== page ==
Fluffy or Fido: perfect accessories

Decorator says pets lend color, texture and movement to rooms and furniture

April 21, 2002|By Claire Whitcomb | By Claire Whitcomb,Universal Press Syndicate

Picture the classic white-on-white room. Then imagine it with a spotted Dalmatian. Bingo: You've gone from serene to graphic without buying a single pillow or changing even one vase or slipcover.

Decorating with pets -- choosing a white bichon because it is the perfect way to set off black Biedermeier furniture -- is a subject you'll never study in interior design school. But Julia Szabo, an animal lover and frequent contributor to magazines such as House Beautiful, offers a master class in her information-packed book, Animal House Style (Bullfinch Press, $35).

Pets, Szabo writes, "lend color, texture and movement to a room. A chair without a cat on it is simply not as elegant as a chair with a cat on it -- even if the chair in question was designed by Le Corbusier." As for claws, hair and "accidents," Szabo believes that with a little decorating forethought, chic pets and chic interiors go hand in paw. After all, she shares a stylish, smallish New York apartment with four large dogs and a gaggle of cats, many of them acquired through her animal rescue work.

Szabo has earned her pet-decorating stripes. She knows from experience that area rugs are "sliding surfboards for pets," so she keeps her floors bare. She's aware that large dogs leave a permanent dent in feather sofa cushions, so now she is a fan of resilient fiberfill.

A scrupulous researcher and intense networker -- the homes of New York's decorating and fashion cognoscenti fill the pages of Animal House Style -- Szabo ticks off pet decorating facts with aplomb.

On the subject of floors, she reports that tile and concrete, which both stay cool in summer, are favored by dogs. Linoleum is fine but it must be properly laid or the cracks will quickly fill with dirt. Sisal, she says, is suitable for most cats, but it "doesn't stand up well to dogs, creating a lot of litter and catching the hairs of long-haired breeds." Instead, Szabo advises easy-to-vacuum sea grass.

Traditional wall-to-wall carpet can be a problem since pet spills permeate the padding as well as the carpet. Szabo reports that Pet-Agree, a polyethylene film, can be laminated directly to the underside of nylon carpets. Wool rugs can be treated with Fiber-Seal, a tactic taken by writer Barbara Bradford Taylor, so that spills "bead up for easy blotting." As for fabrics, Szabo's research reveals that wool is easily snagged by claws. Chintz doesn't weather repeated dry-cleaning, but velvet is surprisingly cat-resistant.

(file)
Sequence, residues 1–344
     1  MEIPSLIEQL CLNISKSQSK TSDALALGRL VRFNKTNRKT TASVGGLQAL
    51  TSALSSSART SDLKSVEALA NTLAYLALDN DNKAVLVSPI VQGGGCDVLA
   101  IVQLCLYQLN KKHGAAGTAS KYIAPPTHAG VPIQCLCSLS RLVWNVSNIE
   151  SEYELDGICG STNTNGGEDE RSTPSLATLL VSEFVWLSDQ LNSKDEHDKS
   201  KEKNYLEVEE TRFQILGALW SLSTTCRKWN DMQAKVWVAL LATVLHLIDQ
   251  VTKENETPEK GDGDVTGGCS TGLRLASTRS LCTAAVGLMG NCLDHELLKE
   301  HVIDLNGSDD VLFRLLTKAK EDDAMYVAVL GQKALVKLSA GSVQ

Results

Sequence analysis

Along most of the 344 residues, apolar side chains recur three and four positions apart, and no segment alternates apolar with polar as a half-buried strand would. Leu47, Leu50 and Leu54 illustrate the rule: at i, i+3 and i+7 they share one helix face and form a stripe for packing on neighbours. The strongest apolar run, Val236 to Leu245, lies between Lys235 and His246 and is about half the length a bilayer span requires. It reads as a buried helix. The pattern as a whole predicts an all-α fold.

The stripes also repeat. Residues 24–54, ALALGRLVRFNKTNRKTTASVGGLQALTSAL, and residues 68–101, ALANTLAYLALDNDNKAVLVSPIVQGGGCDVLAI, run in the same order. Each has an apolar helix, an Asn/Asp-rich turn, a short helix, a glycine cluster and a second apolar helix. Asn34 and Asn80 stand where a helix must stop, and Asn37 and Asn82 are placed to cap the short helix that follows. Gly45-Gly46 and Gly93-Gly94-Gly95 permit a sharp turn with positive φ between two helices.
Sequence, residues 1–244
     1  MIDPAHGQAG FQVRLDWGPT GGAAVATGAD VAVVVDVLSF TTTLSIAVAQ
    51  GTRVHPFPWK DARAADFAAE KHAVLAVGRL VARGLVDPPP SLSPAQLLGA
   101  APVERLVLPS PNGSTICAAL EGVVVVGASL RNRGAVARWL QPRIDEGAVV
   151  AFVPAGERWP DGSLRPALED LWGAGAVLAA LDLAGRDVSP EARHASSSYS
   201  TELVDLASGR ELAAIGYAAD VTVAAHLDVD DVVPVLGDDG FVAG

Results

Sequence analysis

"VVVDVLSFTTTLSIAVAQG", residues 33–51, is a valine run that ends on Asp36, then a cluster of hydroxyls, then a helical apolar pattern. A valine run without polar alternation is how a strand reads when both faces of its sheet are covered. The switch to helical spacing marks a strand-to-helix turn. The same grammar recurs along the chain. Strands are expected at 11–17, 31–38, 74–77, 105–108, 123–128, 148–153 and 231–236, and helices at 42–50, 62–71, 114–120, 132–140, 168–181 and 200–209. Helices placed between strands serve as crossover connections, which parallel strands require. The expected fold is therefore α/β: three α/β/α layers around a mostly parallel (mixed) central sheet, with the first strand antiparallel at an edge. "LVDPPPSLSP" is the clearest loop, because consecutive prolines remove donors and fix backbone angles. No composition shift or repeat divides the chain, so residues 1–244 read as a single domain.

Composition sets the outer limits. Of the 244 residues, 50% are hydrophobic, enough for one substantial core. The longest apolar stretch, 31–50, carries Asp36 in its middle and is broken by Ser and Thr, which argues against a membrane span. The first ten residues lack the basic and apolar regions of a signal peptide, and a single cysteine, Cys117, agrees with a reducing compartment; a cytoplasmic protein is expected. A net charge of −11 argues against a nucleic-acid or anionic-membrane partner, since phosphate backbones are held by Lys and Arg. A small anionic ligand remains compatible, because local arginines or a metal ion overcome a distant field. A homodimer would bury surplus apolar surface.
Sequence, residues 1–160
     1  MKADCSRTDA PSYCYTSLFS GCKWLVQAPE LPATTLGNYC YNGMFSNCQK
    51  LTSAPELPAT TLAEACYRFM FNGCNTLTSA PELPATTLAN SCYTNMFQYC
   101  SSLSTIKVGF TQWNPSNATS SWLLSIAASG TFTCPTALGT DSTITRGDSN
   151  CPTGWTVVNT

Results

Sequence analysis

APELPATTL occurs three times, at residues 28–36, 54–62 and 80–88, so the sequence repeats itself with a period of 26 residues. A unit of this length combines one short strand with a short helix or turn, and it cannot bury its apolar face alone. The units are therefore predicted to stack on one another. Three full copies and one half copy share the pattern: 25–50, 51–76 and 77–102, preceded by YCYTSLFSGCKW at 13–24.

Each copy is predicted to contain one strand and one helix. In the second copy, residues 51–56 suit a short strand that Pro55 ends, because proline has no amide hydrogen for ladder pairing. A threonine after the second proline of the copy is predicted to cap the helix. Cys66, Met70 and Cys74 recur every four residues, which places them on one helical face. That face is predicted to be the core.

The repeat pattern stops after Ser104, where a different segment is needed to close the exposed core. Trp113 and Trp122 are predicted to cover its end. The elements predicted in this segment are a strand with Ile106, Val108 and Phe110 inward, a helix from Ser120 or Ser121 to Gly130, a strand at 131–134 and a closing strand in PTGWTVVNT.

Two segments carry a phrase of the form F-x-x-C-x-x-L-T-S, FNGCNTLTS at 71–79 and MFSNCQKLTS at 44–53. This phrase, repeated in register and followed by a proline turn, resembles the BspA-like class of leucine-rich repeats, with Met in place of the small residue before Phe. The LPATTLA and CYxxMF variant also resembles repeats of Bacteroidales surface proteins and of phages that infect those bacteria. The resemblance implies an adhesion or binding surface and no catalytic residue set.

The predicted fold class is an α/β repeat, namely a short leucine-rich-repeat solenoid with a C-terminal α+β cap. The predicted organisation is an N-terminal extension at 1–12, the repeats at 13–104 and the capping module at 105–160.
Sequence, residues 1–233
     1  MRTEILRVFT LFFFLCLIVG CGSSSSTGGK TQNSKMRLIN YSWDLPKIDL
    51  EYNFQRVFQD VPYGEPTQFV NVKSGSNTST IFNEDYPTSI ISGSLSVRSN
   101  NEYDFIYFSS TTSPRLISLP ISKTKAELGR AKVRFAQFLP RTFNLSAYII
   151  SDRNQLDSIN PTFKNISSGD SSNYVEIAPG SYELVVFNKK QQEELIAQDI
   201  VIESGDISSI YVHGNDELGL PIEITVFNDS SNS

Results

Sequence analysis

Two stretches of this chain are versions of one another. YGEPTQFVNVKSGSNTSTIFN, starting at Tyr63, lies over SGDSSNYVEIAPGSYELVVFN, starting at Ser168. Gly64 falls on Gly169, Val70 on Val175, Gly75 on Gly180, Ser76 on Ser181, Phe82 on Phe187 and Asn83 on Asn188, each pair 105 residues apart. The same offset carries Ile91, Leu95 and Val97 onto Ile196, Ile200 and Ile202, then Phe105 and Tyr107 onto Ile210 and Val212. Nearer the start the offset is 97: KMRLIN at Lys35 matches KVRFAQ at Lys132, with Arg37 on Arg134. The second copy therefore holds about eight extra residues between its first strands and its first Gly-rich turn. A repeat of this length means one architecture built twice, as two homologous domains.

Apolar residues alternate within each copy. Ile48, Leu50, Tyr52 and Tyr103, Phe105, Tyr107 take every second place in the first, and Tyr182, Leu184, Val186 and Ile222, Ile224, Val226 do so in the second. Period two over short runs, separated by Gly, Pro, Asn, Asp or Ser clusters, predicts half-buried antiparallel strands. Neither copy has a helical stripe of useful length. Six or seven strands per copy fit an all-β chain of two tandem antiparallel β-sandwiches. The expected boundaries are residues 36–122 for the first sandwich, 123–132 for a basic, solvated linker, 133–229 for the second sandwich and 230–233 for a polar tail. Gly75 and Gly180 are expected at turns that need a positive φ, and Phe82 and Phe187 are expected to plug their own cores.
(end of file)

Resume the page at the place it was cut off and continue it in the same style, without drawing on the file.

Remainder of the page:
"Their claws glide across it too easily," Szabo writes, adding, "they prefer more of a challenge."

For an all-purpose solution, she likes white denim slipcovers, the choice of Eleanor Mondale, daughter of the former vice president. Mondale has two sets, one to wash (with hot water and bleach), the other to wear.

The fabric Szabo outright adores is Ultrasuede. A washable, synthetic microfiber, Ultrasuede is virtually impermeable to pet hairs, making it a snap to vacuum. Szabo uses it to curtain windows and cover her 1950s Heywood-Wakefield sofa and chair. The color? Pit-bull beige, a choice that proves how closely she adheres to pet decorating's first principle: Match your shedder.

But all the decorating advice in the world would come to naught if it were not for the invention of Helmac Products Corp.'s Evercare Pet Hair Pic-Up, which Szabo describes as "a roll of sticky tape with a handle that enables pet lovers to remove evidence of shedding."

With that and natural lavender oil, an air-freshener and disinfectant that she sprinkles on dog beds, floors, baseboards and wood furniture between weekly cleanings, her animal house is up to snuff -- and up to sniffs.

Decorating with Garfield

Here are some tips for pet-proofing your decor:

* To keep table lamps safe from large tail waggers, find a side table that has a tall reading lamp attached.

* Look for woods in lighter finishes. Mahogany and ebony show scratches more easily.

* To stop pets from digging up household plants, hide the soil beneath pinecones, shells or rocks.

* For a good-looking scratch post, wrap part of the banister with untreated sisal from the hardware store.

* Black yoga meditation cushions make chic dog beds. Other favorites are low beanbag chairs from EazyBean and denim dog beds from L.L. Bean.

Baltimore Sun Articles
|
|
|
Please note the green-lined linked article text has been applied commercially without any involvement from our newsroom editors, reporters or any other editorial staff.